Anyway, it isn't a film that's heavy on plot, and at times it can feel a bit unmomentous, but this fascinating character study intently thrives on brewing conflict (a lot of steamy tea is served up), as well as tension that's so thick that you could stick a sewing needle into it or slice it with a pair of scissors. A darkly and deeply uncomfortable sense of humor is weaved throughout, and a repetitious pattern of themes about artistry and meticulous craft, toxic love and admiration, jealousy and vengeance, and poisonous power dynamics -- rounds out the overall vision. Appropriately, the film itself is handsomely framed and ravishingly staged with vivid texture and operatic gusto. It's also backed by a prominent weep of soaringly elegant music that certainly bolsters the drama.

What's also fitting is that -- for a film about achieving perfection -- Daniel Day-Lewis sinks into this role with complete dedication and ever-impressive skill -- alternating between icy and warm, eccentric and focused, humorous and downright mean. It's a performance that captivates every time he's on screen -- you'll be paying attention to every step, every eyebrow movement. And I can't go without mentioning the supporting cast: Vicky Krieps as Alma is excellent -- going from timid to tumultous to vengeful. And then there's Lesley Manville as Woodcock's stern sister and assistant -- she administers a scathing stare that practically shoots laser beams through you.

The final stretch of the duration drags on a while, and it probably could've used some snipping, but this is still one of those films that stays with you. And the final bow (say it ain't so!) from one of the greatest actors of all time is one that you won't want to miss.

* 8.5/10 *

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Saturday, January 20, 2018

[Review] Molly's Game

Esteemed screenwriter Aaron Sorkin (The Social Network, Moneyball) makes his directorial debut with the high-stakes drama, Molly's Game. Despite being a bit overlong, the film is a winner -- thanks to Jessica Chastain's terrific lead performance and the snappy, well-wrought dialogue.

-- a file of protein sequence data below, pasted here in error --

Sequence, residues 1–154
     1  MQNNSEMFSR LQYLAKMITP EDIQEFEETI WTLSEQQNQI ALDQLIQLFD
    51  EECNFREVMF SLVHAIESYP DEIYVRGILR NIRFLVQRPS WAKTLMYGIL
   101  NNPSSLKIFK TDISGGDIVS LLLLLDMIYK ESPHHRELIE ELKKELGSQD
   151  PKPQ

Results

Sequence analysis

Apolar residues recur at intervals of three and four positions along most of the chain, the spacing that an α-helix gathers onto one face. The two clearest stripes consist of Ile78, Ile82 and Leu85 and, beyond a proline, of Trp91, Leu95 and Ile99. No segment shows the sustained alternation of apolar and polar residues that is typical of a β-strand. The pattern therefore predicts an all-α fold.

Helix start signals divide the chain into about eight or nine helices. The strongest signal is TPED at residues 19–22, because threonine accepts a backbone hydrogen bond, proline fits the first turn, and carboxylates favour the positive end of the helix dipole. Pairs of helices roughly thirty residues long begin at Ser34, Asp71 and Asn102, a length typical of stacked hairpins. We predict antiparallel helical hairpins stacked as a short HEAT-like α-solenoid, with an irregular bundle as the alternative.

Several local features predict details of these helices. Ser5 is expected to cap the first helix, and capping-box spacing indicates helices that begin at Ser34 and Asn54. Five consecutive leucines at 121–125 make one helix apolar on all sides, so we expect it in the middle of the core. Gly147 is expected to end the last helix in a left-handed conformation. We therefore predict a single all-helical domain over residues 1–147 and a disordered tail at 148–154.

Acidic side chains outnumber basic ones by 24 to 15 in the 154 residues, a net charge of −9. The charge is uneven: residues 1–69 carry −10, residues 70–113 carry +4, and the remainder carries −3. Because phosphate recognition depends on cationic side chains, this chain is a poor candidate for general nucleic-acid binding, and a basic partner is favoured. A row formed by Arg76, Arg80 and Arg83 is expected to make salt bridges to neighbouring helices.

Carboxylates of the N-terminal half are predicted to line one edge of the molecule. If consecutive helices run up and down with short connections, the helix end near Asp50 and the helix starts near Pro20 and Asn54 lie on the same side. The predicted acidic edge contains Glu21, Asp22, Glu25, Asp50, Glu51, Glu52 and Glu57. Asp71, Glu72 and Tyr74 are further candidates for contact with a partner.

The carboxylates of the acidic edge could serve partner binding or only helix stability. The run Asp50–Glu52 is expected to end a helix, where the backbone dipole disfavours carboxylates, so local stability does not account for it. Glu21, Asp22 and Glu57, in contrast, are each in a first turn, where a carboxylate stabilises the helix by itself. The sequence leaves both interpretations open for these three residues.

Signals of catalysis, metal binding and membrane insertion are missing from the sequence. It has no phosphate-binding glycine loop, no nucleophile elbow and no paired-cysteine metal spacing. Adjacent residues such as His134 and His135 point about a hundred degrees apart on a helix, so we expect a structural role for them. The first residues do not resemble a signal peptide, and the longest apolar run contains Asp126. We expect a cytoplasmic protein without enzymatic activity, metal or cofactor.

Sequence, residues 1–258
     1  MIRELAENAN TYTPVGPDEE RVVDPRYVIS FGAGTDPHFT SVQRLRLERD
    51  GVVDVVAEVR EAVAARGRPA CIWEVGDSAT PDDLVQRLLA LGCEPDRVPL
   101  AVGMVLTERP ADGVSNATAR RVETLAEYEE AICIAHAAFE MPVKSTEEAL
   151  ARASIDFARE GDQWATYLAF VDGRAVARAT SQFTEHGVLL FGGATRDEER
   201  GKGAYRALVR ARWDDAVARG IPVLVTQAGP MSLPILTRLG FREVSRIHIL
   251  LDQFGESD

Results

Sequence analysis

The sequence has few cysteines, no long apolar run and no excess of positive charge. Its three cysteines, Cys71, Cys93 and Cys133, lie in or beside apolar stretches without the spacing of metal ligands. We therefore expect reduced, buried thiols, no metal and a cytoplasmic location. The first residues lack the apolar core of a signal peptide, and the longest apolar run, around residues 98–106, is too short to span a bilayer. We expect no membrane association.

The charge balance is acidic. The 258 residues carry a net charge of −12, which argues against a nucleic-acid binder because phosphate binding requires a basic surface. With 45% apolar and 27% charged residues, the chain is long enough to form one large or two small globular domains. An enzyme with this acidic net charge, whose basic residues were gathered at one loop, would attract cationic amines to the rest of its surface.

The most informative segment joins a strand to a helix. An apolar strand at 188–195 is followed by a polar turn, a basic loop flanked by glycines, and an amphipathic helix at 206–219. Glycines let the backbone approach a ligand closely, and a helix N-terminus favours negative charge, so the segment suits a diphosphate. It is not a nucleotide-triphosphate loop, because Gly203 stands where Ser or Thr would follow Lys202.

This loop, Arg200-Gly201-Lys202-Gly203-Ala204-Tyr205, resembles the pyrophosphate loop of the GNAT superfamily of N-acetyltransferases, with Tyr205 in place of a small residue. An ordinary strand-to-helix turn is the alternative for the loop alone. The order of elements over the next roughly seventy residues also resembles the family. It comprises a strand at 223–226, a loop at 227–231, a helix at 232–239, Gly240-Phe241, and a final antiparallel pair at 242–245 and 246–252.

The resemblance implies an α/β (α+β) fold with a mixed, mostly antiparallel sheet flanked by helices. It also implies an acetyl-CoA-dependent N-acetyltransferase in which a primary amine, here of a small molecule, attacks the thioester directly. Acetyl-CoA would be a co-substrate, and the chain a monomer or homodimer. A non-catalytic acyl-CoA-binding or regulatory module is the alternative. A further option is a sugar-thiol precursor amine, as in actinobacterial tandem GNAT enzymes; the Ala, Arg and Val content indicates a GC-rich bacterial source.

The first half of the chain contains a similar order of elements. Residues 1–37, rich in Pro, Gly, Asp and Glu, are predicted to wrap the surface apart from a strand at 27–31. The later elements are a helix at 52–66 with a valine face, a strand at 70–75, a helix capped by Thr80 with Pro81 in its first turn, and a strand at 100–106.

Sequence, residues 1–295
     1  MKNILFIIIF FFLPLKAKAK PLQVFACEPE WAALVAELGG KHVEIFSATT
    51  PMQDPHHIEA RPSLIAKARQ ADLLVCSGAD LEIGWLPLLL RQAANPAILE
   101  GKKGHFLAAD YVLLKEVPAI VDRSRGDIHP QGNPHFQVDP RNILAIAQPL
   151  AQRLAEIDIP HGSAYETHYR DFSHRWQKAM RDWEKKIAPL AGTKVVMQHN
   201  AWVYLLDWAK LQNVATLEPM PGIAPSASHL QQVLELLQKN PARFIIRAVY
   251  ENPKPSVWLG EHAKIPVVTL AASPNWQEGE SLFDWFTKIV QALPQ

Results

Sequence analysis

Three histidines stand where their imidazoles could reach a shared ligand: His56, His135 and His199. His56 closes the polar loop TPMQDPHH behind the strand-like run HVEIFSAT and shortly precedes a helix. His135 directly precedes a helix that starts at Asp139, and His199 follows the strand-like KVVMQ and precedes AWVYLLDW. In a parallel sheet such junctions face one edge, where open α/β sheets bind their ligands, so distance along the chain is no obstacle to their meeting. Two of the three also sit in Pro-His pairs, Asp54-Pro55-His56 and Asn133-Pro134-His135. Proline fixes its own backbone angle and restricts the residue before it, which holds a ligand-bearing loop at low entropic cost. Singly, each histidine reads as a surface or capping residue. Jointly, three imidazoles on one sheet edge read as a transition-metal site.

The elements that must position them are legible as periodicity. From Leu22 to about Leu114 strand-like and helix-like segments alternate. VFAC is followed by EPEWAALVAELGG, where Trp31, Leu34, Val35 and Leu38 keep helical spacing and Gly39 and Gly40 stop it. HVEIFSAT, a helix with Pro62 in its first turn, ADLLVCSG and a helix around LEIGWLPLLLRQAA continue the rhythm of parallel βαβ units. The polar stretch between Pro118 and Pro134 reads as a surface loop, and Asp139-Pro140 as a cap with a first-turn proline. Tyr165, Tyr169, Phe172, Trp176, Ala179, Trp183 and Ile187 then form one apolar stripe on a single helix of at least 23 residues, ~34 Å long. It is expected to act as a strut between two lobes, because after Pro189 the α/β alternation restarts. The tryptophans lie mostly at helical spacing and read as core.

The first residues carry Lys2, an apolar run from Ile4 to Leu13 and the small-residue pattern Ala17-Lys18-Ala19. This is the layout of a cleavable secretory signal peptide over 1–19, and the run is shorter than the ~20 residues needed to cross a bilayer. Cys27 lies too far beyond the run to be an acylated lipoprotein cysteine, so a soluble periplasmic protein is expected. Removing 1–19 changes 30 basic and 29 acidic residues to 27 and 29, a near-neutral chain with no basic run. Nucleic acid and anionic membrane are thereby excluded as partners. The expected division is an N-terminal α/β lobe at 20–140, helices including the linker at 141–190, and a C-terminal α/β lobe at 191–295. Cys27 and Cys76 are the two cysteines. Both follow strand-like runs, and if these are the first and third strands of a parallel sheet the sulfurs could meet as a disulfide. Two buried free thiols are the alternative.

The film shuffles through the true life of Molly Bloom (Chastain), a former Olympic-class skier
who went on to run exclusive, top-level poker clubs -- making big-time deals in more ways than one. As the savvy mastermind keenly blurs the lines between what's legal and what isn't, the FBI tries their hand at busting down her entire organization.

Sorkin, who also pens the screenplay, orchestrates the proceedings with his customary knack for clever, whip-smart exchanges of words and amusing face-offs between characters. Jessica Chastain is absolutely brilliant here, embodying this intensely driven and relentlessly unfolding individual with shifty zeal and attitude. The supporting cast is strong too: Idris Elba checks in as a cooler than cool lawyer, Michael Cera dirties up as a hardcore poker player, and Kevin Costner plays Molly's complicated father, adding some personal heft to an otherwise stone-faced story. But he makes a questionable late-film appearance that unfortunately seems very ham-fisted.

But the film's main problem is that it lapses into a few dense and unengaging stretches, especially if you aren't super familiar with the gambling world. At times it feels like crunched numbers and thick court documents are being tossed at you at a rapid rate. Odds are, the film could've benefited from a shaved-down runtime. But despite the slip-ups, Molly's Game still comes out ahead.

( 7.5/10 )

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Thursday, January 18, 2018

[Review] The Post

"Journalism" and "thriller" aren't two words that often appear alongside each other, especially when it comes to the movies, but that's the headline for Steven Spielberg's latest prestige flick, The Post. And while it probably won't blow you away, the film essentially achieves its mission and gets its timely message across with veteran composure and an ensemble of some really good acting.

The story focuses on the true story of journalists from The Washington Post and their risky, strenuous undertaking in publishing the classified Pentagon Papers, which held some very eye-opening information about the United States and the Vietnam War. The film features a top-notch cast, including the likes of Meryl Streep, Tom Hanks, Michael Stuhlbarg, Tracy Letts, and Bob Odenkirk. It's definitely no surprise that the performances are thoroughly solid across the board.

It begins a little slow and procedural, but what eventually unfolds is a taut, unprecedented battle between newspaper and government. Justice and corruption. Exposé and cover-ups. And even though it's set in 1970s (smoky, drab aesthetic and all), what stands out is just how startlingly relevant the narrative is to today's times -- with its themes about freedom of the press (and speech), the power of truth, the importance of being on the right side of history amidst all the conflict and turbulence, and yes -- women breaking down industry barriers. The film is also very reminiscent of 2015's Best Picture winner Spotlight. In fact, Liz Hannah's screenplay enlists Josh Singer as a co-writer here.